# Tang 07 determining the rate exponent

2 de Nov de 2015
1 de 14

### Tang 07 determining the rate exponent

• 2. DETERMINING THE RATE EXPONENT How would you set up an experiment to determine the rate exponent for the following reaction? C6H12O6(s) + H2SO4(aq)
• 3. DETERMINING THE RATE EXPONENT Exponents for a rate law expression must be determined experimentally (empirically). Concentrations of each reactant must be changed one at a time to see how much the overall reaction rate does or doesn’t change. Related to how the reaction takes place at the atomic level, which we cannot see.
• 4. DETERMINING THE RATE EXPONENT HANDOUT - Table 1 Concentration Factor Change Reaction Rate Factor Change Rate Law Exponent on the Concentration 2x no change 0 3x no change 0 4x no change 0 2x 21 = 2 1 3x 31 = 3 1 4x 41 = 4 1
• 5. DETERMINING THE RATE EXPONENT HANDOUT - Table 1 Concentration Factor Change Reaction Rate Factor Change Rate Law Exponent on the Concentration 2x 22 = 4 2 3x 32 = 9 2 4x 42 = 16 2 2x 23 = 8 3 3x 33 = 27 3 4x 43 = 64 3
• 6. DETERMINING THE RATE EXPONENT HANDOUT - Example 1 Initial Concentration (mol / L) Initial Rate of Formation of Products (mol/L•s) [A] [B] 0.10 0.10 0.20 0.20 0.10 0.40 0.30 0.10 0.60 0.30 0.20 2.40 0.30 0.30 5.40Order for [A]: Order for [B]: Order of overall rxn: k = 1 2 3 2.0 x 102 L2 mol-2 s-1 r=k[A][B]2
• 7. DETERMINING THE RATE EXPONENT HANDOUT - Example 2 1 1 2.2 x 10-5 s-1 Initial Concentration (mol/L) Initial Rate of Formation of Products (mol/L•s) [SO2Cl2] 0.100 2.2 x 10-6 0.200 4.4 x 10-6 0.300 6.6 x 10-6 Order for [SO2Cl2]: Order of overall rxn: k = r=k[SO2Cl2]
• 8. DETERMINING THE RATE EXPONENT HANDOUT - Example 3 Initial Concentration (mol/L) Initial Rate of Formation of Products (mol/L•s) [A] [B] 0.40 0.30 1.0 x 10-4 0.80 0.30 4.0 x 10-4 0.80 0.60 1.6 x 10-3 Order for [A]: Order for [B]: Order of overall rxn: k = 2 2 4 6.9 x 10-3 L3 mol-3 s-1 r=k[A]2 [B]2
• 9. DETERMINING THE RATE EXPONENT HANDOUT - Example 4 Order for [NO]: Order for [H2]: Order of overall rxn: k = 2 1 3 1.2 L2 mol-2 s-1 r=k[NO]2 [H2] Initial Concentration (mol/L) Initial Rate of Formation of Products (mol/L•s) [NO] [H2] 0.10 0.10 1.23 x 10-3 0.10 0.20 2.46 x 10-3 0.20 0.10 4.92 x 10-3
• 10. DETERMINING THE RATE EXPONENT Ex. 1 The decomposition of N2O5 is: 2 N2O5  4 NO2 + O2 This is a first order rxn with respect to N2O5. Given initial rate of 2.1 x 10-4 mol/L•s and initial [N2O5] = 0.40 mol / L, predict the rate when [N2O5] = 0.80 M. 2.1 x 10-4 mol L-1 s-1 = k [0.40mol/L] 2.1 x 10-4 mol L-1 s-1 = k 0.40mol/L 0.000525 s-1 = k r = k [N2O5]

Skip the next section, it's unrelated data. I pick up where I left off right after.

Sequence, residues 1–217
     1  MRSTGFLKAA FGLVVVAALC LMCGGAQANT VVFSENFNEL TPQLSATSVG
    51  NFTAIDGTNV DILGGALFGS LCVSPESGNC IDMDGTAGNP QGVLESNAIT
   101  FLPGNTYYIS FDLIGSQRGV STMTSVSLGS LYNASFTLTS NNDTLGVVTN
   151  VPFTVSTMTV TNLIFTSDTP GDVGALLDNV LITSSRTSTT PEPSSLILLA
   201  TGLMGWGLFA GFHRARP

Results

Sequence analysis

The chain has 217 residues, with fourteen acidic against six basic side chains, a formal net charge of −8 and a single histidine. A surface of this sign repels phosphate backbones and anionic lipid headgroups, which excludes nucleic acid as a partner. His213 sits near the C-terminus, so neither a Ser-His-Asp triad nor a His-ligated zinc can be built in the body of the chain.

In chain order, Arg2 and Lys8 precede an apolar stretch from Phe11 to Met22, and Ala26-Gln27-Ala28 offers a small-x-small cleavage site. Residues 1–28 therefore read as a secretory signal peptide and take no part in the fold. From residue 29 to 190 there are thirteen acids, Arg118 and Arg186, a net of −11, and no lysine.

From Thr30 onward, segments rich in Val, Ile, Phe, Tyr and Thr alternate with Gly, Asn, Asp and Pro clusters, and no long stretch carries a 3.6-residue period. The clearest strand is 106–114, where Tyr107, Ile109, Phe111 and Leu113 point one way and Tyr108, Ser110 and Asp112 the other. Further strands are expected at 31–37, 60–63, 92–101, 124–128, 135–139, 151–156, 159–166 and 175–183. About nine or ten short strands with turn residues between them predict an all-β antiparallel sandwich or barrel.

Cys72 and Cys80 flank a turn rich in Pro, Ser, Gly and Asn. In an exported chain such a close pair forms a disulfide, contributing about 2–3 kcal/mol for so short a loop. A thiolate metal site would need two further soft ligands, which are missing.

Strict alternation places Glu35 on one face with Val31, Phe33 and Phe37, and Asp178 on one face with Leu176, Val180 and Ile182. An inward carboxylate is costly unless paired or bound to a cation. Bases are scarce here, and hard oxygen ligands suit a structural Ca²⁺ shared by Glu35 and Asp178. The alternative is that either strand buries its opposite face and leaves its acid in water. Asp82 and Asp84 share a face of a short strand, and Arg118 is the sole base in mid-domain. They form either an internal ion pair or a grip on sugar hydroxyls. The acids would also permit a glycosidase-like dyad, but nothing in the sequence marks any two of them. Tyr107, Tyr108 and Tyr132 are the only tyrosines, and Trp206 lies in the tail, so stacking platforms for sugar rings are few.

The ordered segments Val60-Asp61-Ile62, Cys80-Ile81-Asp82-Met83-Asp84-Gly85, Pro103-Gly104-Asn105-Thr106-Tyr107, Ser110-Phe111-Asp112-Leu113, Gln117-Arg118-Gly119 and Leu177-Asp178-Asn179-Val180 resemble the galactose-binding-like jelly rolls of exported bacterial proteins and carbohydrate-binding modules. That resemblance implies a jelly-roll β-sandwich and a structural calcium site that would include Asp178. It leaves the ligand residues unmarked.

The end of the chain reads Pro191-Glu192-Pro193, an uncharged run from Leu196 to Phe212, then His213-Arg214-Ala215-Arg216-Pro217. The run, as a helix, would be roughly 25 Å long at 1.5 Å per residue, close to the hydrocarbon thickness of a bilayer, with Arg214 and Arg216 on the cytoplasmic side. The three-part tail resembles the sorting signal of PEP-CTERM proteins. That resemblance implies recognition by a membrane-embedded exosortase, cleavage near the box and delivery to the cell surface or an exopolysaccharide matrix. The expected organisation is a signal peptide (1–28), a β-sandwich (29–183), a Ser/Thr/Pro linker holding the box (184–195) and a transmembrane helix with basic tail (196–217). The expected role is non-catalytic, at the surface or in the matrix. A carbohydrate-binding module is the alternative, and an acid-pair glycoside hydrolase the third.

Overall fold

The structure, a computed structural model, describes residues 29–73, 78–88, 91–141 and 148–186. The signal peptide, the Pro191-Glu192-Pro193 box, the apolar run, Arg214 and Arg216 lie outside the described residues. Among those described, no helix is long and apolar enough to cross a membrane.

• 11. DETERMINING THE RATE EXPONENT Ex. 1 The decomposition of N2O5 is: 2 N2O5  4 NO2 + O2 This is a first order rxn with respect to N2O5. Given initial rate of 2.1 x 10-4 mol/L•s and initial [N2O5] = 0.40 mol / L, predict the rate when [N2O5] = 0.80 M. r = k [N2O5] = 0.000525 s-1 [0.80mol/L] = 4.2x10-4 mol L-1 s-1 Notice how this is a first order reaction, so doubling the concentration DOUBLES the rate of reaction Therefore the rate is 4.2x10-4 mol L-1 s-1
• 12. DETERMINING THE RATE EXPONENT Since this is a second order reaction, doubling the concentration quadruples the rate. 2 x [ ] = r x 4 Therefore the rate of reaction is 1.3x102 mmol/L•min Ex. 2 Given 2C4H6  C8H12 where r = k[C4H6]2 . If the initial rate was 32 mmol C4H6/L•min at a certain [C4H6], what would be the initial rate if the concentration were doubled?
• 13. DETERMINING THE RATE EXPONENT half-life - the time required for half the concentration of a reactant to be used up in a rxn Ex. 3 If the mass of an antibiotic is 2.464 g, what mass will remain after 6.0 h, if the half-life is 2.0 h, and no more antibiotic is added. mfinal = minitial (0.5)n n=# of half lives mfinal = 2.464g (0.5)6.0/2.0 = 2.464g (0.5)3 = 0.308g = 0.31g Therefore 0.31g of antibiotic remains
• 14. DETERMINING THE RATE EXPONENT Equation relating half-life and the rate constant: kt =0.6931 2 The radioisotope lead-212 has half-life of 10.6 h. What is the rate constant for this isotope? r = k[Pb-212]1 kt = 0.6931 2 and k = 0.693 t1 2 k = 0.693 10.6h k = 0.0654h-1 .: the rate constant is 0.0654h-1 Can ONLY be applied to a FIRST ORDER reaction